18. 18. G. F. Rigano, L. Muratore, A. Laurenzi, E. M. Hoffman, and N. G. Tsagarakis, “A mixed real-time robot hardware abstraction layer (r-hal),” Encyclopedia with Semantic Computing and Robotic Intelligence, vol. 02, no. 01, p. 1850010, 2018. [Online]. Available:
  19. 19. N. G. Tsagarakis, D. G. Caldwell, F. Negrello, W. Choi, L. Baccelliere, V. Loc, J. Noorden, L. Muratore, A. Margan, A. Cardellino et al., “Walk-man: A high-performance humanoid platform for realistic environments,” Journal of Field Robotics, vol. 34, no. 7, pp. 1225–1259, 2017
  20. 20. N. Kashiri, L. Baccelliere, L. Muratore, A. Laurenzi, Z. Ren, E. M. Hoffman, M. Kamedula, G. F. Rigano, J. Malzahn, S. Cordasco, P. Guria, A. Margan, and N. G. Tsagarakis, “Centauro: A hybrid locomotion and high power resilient manipulation platform,” IEEE Robotics and Automation Letters, vol. 4, no. 2, pp. 1595–1602, 2019
  21. 21. N. G. Tsagarakis, S. Morfey, G. M. Cerda, L. Zhibin, and D. G. Caldwell, “Compliant humanoid coman: Optimal joint stiffness tuning for modal frequency control,” in Robotics and Automation (ICRA), 2013 IEEE International Conference on. IEEE, 2013, pp. 673–678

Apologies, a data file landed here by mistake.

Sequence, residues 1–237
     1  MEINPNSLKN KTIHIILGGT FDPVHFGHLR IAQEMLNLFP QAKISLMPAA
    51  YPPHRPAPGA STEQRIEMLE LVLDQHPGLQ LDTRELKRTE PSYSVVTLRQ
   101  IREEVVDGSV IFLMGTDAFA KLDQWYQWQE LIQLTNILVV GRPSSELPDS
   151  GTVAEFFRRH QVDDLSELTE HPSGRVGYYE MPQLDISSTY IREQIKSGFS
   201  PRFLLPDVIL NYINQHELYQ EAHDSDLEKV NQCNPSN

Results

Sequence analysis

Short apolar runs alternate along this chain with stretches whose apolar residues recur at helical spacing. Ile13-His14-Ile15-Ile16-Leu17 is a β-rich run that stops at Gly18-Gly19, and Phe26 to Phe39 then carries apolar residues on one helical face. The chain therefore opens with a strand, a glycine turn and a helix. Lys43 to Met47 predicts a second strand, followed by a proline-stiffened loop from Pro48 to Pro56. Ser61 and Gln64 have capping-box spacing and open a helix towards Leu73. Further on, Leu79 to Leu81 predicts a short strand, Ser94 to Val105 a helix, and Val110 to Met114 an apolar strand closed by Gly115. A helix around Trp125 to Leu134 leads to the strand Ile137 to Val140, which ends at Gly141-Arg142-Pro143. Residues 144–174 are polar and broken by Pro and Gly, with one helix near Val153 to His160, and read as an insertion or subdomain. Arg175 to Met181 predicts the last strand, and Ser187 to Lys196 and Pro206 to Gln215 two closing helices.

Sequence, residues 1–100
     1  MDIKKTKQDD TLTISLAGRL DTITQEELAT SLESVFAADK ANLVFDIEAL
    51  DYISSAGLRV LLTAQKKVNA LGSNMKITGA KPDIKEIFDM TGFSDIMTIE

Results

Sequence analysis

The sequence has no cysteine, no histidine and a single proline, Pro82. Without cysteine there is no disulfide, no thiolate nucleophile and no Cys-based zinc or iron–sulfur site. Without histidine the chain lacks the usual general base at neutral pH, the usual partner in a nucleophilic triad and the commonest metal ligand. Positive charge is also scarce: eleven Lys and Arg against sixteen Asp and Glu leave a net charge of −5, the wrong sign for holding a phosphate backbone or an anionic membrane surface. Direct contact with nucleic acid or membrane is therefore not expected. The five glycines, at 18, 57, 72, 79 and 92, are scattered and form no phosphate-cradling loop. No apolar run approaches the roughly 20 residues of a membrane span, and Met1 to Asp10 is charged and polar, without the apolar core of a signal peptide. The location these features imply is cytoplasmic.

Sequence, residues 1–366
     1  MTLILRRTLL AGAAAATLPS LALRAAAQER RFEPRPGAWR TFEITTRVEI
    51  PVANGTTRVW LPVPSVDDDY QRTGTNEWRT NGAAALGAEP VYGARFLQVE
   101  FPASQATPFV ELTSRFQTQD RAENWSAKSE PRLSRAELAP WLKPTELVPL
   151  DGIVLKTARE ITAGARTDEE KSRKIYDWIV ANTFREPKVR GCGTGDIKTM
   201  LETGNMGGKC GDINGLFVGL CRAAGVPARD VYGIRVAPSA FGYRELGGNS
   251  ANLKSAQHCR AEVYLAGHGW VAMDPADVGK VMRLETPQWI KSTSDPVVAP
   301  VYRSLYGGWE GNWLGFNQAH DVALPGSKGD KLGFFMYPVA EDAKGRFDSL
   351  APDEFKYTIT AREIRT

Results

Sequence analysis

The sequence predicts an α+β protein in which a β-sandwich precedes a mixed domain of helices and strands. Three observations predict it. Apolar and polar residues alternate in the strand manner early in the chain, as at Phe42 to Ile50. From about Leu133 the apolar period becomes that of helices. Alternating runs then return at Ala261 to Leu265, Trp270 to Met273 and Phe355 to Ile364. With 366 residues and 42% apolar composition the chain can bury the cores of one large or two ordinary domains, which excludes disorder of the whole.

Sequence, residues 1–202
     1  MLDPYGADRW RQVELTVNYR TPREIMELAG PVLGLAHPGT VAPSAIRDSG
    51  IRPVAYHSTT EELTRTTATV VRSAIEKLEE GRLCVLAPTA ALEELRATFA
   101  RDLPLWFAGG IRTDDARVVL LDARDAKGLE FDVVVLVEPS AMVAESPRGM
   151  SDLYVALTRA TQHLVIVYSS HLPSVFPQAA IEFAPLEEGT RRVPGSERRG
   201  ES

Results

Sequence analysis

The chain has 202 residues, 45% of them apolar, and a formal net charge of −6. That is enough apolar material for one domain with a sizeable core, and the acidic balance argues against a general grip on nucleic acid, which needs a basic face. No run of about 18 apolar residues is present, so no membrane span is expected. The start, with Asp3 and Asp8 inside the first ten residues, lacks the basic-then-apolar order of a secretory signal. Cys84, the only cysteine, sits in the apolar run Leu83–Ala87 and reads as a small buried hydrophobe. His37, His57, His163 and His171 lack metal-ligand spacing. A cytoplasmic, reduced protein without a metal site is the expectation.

22. 22. N. G. Tsagarakis, D. G. Caldwell, F. Negrello, W. Choi, L. Baccelliere, V. Loc, J. Noorden, L. Muratore, A. Margan, A. Cardellino, L. Natale, E. Mingo Hoffman, H. Dallali, N. Kashiri, J. Malzahn, J. Lee, P. Kryczka, D. Kanoulas, M. Garabini, M. Catalano, M. Ferrati, V. Varricchio, L. Pallottino, C. Pavan, A. Bicchi, A. Settimi, A. Rocchi, and A. Ajoudani, “WALK-MAN: A High-Performance Humanoid Platform for Realistic Environments,” Journal of Field Robotics, Jun. 2017. [Online]. Available: